with Laura Wilde
House of Blues, Orlando, FL • August 19, 2013
If the street-smart 1976 Lita Ford had met the cheesecake 1988 Lita Ford back in 1990 and they fell in love, got married and then gave birth to a daughter in the changing room at Hot Topic, that baby likely would have grown up to become Laura Wilde. Hailing from Melbourne, Australia, the 23-year-old guitar ace wowed the 1,500+ House of Blues crowd with her combination of Zack Wylde-inspired chops and Hannah Montana-like charm. Along with her three-piece male backing band, Wilde took the stage at 8:40pm and laid down a rock solid, thirty-minute opening set that included tracks from her 2012 debut record, Sold My Soul as well as a spirited remake of the AC/DC classic, “Jailbreak.” Rock and roll just might have a future after all.
Following a twenty-minute stage set switch-over and a mind-numbing third airing of Edgar Winter’s “Rock and Roll Hoochie Coo” blasting from the front-of-house sound system, it finally was time for the night’s main attraction.
“I love this shit!” declared “Motor City Madman,” Ted Nugent, as he stormed the stage at 9:30. Kicking off his 90-minute, no-holds-barred, mega-decibel assault with the lethal triple threat combo of “Gonzo,” “Just What the Doctor Ordered,” and “Wango Tango,” Nugent and company wasted no time in delivering exactly what his flock had ordered — a non-stop cavalcade of cock rock classics sandwiched between random rants and disconnected diatribes.
Providing longtime Nugent followers with an injection of aural B-12, the recent return of original sideman Derek St. Holmes on guitar and vocals added an undeniable fresh factor to the band, the show and the set list, which included many near-forgotten gems, including “Turn it Up,” “Got to Live it Up” and “Queen of the Forest.”
“I must be 65 fucking years old!” confessed “Uncle” Ted at the halfway point. However, despite Nugent’s and St. Holmes’ white goatees, one certainly wouldn’t have guessed it, as the band’s energetic performance was top-notch.
With the obligatory wall-o-amps looming across the stage — adorned with an assortment of cattle skulls, state-of-art lighting effects, and drummer Mick Brown’s impressive and flashy-looking kit — the Nugent production looked every bit as intense as it sounded. Gonzo, indeed!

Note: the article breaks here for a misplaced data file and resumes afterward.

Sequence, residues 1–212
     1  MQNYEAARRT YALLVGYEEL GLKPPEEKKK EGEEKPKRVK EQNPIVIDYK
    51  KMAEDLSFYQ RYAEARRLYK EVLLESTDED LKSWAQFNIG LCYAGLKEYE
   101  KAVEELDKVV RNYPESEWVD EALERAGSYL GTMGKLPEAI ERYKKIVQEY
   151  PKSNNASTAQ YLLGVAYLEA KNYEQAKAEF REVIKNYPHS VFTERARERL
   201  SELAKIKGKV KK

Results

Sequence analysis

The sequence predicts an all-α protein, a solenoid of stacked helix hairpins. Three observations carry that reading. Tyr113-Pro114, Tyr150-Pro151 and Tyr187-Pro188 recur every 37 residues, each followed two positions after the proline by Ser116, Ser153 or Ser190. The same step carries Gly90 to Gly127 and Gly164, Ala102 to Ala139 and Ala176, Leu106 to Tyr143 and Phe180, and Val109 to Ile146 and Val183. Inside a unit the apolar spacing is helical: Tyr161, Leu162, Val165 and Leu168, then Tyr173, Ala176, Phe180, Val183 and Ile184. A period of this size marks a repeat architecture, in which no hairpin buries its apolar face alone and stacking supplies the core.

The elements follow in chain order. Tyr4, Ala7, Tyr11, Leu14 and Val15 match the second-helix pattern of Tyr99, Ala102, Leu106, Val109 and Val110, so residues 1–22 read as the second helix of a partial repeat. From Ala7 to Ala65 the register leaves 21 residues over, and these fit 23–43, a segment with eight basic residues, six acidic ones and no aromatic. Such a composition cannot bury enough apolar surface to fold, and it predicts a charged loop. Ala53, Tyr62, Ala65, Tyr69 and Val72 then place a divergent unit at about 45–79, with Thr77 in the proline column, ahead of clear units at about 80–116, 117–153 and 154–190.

“We crave the groove,” was one of Nugent’s numerous mantras throughout the show, leading into and out of such FM radio staples as “Free for All,” and “Stormtroopin’.”
“Do you feel the love?” was another oft-repeated message. Not only was Nugent offering love tonight, he also was inviting — “inviting” — U.S. Attorney General Eric Holder to give him oral sex. Never at a loss for words, the ever-controversial iconic rocker was a source of encouragement as well — “encouraging” gun owners to defend their Second Amendment rights and to “shoot the mother fuckers dead,” if “they come to take your guns.” Additionally, the show made for an experience that was both educational and inspirational as Nugent apprised his troops that the French are “soulless pieces of shit,” “what the world needs is more dead assholes” and that “killing shit is good.” Wow, now that’s some good old fashioned Dee-Troit lovin’!
But merely preaching the Gospel according to Ted does not a complete rock show make, and in that regard, the Nuge had much more to offer — leading the charge through such additional nuggets as “Hey Baby” and “Fred Bear.”
Dedicated to the “pretty girls” in the house, Nugent and St. Holmes delivered a blistering guitar duel during “Wang Dang Sweet Poontang” — the infamous ditty that segued in and out of the Jimi Hendrix classic “Red House.”
“It’s all Gospel — it’s all rhythm and blues. Bo Diddley and Chuck Berry taught us everything we know,” Nugent reminded fans near the end of his set. “And I wrote the sexiest guitar lick in the world,” he further proclaimed as he introduced his signature anthem, “Cat Scratch Fever,” leading into the show-closing, eight-minute epic “Stranglehold.”
With the sound of heavy artillery echoing into the night and the distinct fragrance of gun powder permeating the air, the Ted Nugent love fest had come to a mutually satisfying conclusion. Hey baby, got a smoke?